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Octavius V. Catto: Baseballer, Martyr

This is Octavius V. Catto and he is something of a forgotten titan of American history — if not American history, then certainly Philadelphia history. Born in Charleston, South Carolina in 1839, Catto’s father — a slave — was granted his freedom when Octavius was a child and the family moved North, finally settling in Philadelphia. Catto took advantage of the educational opportunities available to blacks in the North as he attended the prestigious Institute for Colored Youth (now Cheney University). He was later hired by the ICY to teach math and English.

In the midst of the political ferment of mid-19th century America, Catto became involved in the movements for abolition and equal rights. He was a contemporary and colleague of Frederick Douglass, and joined the effort to enlist black soldiers to fight for the Union in the Civil War. Following the war, Catto was instrumental in the passage of a bill barring the segregation of streetcars in Pennsylvania.

I first discovered Catto when I was working as a research assistant on a project that retraced W.E.B. Du Bois’s groundbreaking sociological study of fin de siĆ©cle black Philadelphia, The Philadelphia Negro. Given my backgrounds in African American and Philadelphia history, I was interested in learning more about this apparently influential figure who I had never heard of before. There is one particular facet of his biography that was quite intriguing to me (and, likewise, should be intriguing to NotGraphers).

As it turns out, Catto was also an early baseballer. From Wikipedia:

Like many other young men of Philadelphia, both white and black, Catto began playing cricket while in school and later took up baseball. Following the Civil War he helped establish Philadelphia as a major hub of black baseball. Along with Jacob C. White, Jr. he ran the Pythian Base Ball Club of Philadelphia. The Pythians had an undefeated season in 1867.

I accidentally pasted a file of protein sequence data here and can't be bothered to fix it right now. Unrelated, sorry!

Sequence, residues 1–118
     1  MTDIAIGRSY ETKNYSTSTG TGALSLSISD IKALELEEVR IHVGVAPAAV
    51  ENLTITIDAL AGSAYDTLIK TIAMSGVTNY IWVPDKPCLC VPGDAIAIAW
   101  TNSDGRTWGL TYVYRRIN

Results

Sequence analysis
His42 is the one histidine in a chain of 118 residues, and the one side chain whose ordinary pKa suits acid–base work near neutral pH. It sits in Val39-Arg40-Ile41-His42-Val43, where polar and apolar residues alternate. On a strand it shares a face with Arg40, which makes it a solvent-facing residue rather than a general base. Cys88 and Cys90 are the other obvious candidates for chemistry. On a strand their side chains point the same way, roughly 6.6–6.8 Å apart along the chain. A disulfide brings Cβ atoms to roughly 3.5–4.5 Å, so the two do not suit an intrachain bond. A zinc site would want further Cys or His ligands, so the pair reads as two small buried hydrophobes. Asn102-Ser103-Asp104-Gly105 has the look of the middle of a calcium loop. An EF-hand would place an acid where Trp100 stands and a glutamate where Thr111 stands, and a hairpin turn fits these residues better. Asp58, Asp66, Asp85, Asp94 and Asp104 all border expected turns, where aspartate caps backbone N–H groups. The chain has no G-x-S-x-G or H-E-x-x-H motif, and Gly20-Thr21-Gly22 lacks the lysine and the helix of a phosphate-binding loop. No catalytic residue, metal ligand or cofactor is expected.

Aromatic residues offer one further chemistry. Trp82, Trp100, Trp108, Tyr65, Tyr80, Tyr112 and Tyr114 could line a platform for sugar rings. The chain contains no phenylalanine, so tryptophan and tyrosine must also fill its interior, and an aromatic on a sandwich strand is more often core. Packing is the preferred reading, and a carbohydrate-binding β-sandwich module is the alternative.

Following the 1867 season, Catto, with support by players from the white Athletic Base Ball Club, applied for the Pythians’ admission into the newly formed Pennsylvania Base Ball Association. As it became clear that they would lose any vote by the Association, they withdrew their application. In 1869 the Pythians challenged various white baseball teams in Philadelphia to games. The Olympic Ball Club accepted the challenge. The first match game between black and white baseball teams took place on September 4, 1869, ending in the Pythians’ defeat, 44 to 23.

I, for one, am very curious what the pitchers’ respective SIERAs were after that game. The Pythian Baseball Club is mentioned briefly in Ken Burns’s Baseball.

Catto met his tragic end on Election Day, October 10, 1871. Racial tensions gripped Philadelphia as it marked one of the first elections in which blacks could participate following the passage of the 15th Amendment. The city’s Democratic Party machine dispatched armed thugs in an attempt to intimidate and/or physically prevent the black, largely Republican voters from exercising the franchise. On his way to the polls, Catto was harassed by a mob and then attacked by an Irish man named Frank Kelly, who shot Catto through the heart. Unsurprisingly, Kelly was not convicted for his crime. Catto was just 32. His long, winding funeral procession through the streets of Philadelphia remains one of the largest in history for a black man.

Also, he had a sweet mustache.